Everyone was so kind, of course! Everyone stopped to tell me how great I looked, and it was wonderful to be so supported in this small effort. And I had to admit, it was kind of nice to look “normal” and not like the obviously cancer-stricken young mother for a few hours. And frankly, I did look pretty good. The funny thing about the wig is it kind of demands I step it up in other areas too. I can’t dress sloppy and rock the wig. It looks like the yoga pants version of the robe incident described above, but in public. So, the wig gets me to dress nicer, and then I think a little makeup wouldn’t hurt, and before you know it, I’m accessorizing with jewelry! It’s nuts I tell you!
The best thing that happened at church was I was visited by a a parishioner in her 80’s who is a longtime survivor of breast cancer. She told me a lot of amazing things, how she had to fight this disease off in the late 1970’s, how she fought it off as a mother, how I could be a survivor too. I mentioned how funny I felt about the wig, and She said “Yes, but it’s important to keep up appearances.”
Oh, how the teenager in me kicked and screamed against that line of thinking! And in fact I still do. I’ve always valued being true to myself in life, trying not to be swayed by the opinions or actions of others. And “keeping up appearances” seemed so fake. That thinking likely played into my comfort with my bald head and my desire to not hide it. Because the truth is I’m bald and covering up seemed like…a cover up. But I have never considered the idea that keeping up appearances can also be a gift, in this case a gift to my children and those that are around me and are worried for me and love me. Until that conversation at church. I will be forever grateful for it. And for now, I am “keeping up appearances.”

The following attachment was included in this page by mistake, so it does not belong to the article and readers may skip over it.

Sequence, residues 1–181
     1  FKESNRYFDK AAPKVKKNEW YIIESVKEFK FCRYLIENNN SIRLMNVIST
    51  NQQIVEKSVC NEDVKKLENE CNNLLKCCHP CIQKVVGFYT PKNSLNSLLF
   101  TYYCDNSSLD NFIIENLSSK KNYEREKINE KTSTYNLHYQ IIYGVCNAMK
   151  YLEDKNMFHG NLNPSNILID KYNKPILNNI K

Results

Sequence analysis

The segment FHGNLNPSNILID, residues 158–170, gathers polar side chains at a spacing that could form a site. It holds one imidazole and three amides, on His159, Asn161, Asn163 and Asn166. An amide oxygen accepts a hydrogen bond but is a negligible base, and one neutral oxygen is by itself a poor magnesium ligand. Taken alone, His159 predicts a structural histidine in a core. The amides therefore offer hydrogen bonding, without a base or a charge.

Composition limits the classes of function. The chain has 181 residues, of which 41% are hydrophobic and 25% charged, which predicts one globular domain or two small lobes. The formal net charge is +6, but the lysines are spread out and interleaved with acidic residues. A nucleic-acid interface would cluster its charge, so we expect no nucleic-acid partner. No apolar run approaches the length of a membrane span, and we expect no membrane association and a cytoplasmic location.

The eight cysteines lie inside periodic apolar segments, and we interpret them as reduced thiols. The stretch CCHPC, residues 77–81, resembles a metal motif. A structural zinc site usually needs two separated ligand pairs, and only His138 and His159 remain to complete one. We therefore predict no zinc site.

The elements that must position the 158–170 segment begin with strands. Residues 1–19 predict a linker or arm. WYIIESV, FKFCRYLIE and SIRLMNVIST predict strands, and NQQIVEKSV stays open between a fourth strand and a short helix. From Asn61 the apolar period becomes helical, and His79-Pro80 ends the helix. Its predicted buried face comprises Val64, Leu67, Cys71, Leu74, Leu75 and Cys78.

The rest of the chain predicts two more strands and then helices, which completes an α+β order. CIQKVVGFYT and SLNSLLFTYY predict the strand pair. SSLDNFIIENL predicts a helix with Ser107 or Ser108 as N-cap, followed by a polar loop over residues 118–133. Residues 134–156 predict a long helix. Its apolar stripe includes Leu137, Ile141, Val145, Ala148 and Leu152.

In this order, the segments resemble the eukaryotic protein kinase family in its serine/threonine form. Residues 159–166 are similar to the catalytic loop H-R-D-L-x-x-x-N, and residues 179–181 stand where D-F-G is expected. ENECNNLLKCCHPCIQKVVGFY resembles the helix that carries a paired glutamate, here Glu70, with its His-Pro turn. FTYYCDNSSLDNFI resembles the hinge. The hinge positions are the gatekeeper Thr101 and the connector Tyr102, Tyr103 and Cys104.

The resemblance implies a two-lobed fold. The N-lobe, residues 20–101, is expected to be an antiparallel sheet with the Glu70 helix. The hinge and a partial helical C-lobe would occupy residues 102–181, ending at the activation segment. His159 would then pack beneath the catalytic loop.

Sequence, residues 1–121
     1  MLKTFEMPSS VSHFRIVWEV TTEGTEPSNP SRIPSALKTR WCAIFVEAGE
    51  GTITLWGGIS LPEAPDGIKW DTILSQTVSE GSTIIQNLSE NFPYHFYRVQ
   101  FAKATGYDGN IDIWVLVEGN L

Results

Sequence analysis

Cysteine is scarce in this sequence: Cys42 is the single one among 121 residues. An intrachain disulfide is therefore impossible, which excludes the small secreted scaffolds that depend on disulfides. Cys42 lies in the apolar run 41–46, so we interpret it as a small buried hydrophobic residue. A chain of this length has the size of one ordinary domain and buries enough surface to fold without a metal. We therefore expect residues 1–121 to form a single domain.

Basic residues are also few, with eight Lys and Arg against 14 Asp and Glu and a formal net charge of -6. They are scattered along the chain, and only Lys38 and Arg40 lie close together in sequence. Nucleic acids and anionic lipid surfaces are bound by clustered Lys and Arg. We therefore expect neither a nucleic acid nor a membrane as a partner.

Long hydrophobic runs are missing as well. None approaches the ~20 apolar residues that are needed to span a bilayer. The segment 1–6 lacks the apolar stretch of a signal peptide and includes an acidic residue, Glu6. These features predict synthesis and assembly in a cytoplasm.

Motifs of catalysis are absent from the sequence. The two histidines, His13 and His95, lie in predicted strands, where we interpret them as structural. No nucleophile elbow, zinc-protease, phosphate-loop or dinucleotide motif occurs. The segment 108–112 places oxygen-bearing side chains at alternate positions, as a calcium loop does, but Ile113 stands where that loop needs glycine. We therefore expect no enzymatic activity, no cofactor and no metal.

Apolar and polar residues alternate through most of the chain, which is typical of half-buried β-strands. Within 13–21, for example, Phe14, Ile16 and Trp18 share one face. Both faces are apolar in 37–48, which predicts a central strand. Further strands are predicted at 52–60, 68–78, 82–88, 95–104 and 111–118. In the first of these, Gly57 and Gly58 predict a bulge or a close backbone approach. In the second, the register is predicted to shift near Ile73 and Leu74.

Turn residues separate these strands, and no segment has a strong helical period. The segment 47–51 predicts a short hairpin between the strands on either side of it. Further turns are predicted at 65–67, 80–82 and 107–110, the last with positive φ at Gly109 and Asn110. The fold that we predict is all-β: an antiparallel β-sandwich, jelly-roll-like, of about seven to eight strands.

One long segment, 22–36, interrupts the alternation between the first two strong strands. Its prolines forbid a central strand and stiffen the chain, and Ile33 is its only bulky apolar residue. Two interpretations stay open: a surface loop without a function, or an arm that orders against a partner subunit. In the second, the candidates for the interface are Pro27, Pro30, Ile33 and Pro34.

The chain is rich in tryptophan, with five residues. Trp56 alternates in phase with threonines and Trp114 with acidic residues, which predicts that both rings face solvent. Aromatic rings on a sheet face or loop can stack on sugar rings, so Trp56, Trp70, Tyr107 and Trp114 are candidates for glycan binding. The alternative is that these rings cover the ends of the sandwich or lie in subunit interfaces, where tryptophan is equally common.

That would have been such a nice ending for this post, but I have a funny story. Overwhelmingly, every single person who knows me in Seattle has been positive and kind and supportive and complimentary of the wig, and I want to thank all of you, again for helping me feel good about it. The thing I was not prepared for at all were comments from strangers about the wig. And the response from strangers has been crazy nice as well. I was an absolute disaster with the first one though.
I was at ballet, and a mom, who has been sitting through ballet with me all year but I’ve never spoken to her, saw my new look and immediately exclaimed, “Your hair looks fantastic! Did you just have it done?” And I, like a certifiably crazy person responded with, “Oh my God, no! I have cancer, this is a wig!” and an awkward silence settled over the studio lobby… cue the crickets. We stammered through a few more awful minutes of small talk, and I later went back to her with a full-on apology for my graceless behavior.
Later that night, I told Aaron the story, and he gently asked me how I would handle it if something like this happened again. I started stammering and hyperventilating again in front of him, “Wm…I don’t know, uh…” and he smiled and said, how about saying “thank you”? Oh, right, manners.
This past Monday, I got my chance. One of the coaches at Brad’s gymnastics place came running over to me during class. “I’ve just got to tell you your hair looks amazing! I love it! Did you just have it done?” This time, I was ready. I looked her in the eye, smiled, and said, “Thank you. Thank you very much.”